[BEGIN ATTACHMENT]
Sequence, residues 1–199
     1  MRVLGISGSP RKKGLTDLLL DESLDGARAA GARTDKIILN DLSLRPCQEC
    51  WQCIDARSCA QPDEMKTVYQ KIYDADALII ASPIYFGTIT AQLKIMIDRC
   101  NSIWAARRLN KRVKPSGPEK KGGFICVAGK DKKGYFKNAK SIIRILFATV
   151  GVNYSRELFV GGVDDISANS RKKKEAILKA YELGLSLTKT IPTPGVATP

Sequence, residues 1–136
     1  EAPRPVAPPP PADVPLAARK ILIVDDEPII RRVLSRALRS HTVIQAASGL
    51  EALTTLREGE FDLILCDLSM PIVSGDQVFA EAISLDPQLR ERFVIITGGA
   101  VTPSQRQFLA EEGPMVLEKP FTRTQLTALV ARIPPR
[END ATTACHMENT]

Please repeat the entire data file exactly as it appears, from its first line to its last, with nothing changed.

Sequence, residues 1–199
     1  MRVLGISGSP RKKGLTDLLL DESLDGARAA GARTDKIILN DLSLRPCQEC
    51  WQCIDARSCA QPDEMKTVYQ KIYDADALII ASPIYFGTIT AQLKIMIDRC
   101  NSIWAARRLN KRVKPSGPEK KGGFICVAGK DKKGYFKNAK SIIRILFATV
   151  GVNYSRELFV GGVDDISANS RKKKEAILKA YELGLSLTKT IPTPGVATP

Sequence, residues 1–136
     1  EAPRPVAPPP PADVPLAARK ILIVDDEPII RRVLSRALRS HTVIQAASGL
    51  EALTTLREGE FDLILCDLSM PIVSGDQVFA EAISLDPQLR ERFVIITGGA
   101  VTPSQRQFLA EEGPMVLEKP FTRTQLTALV ARIPPR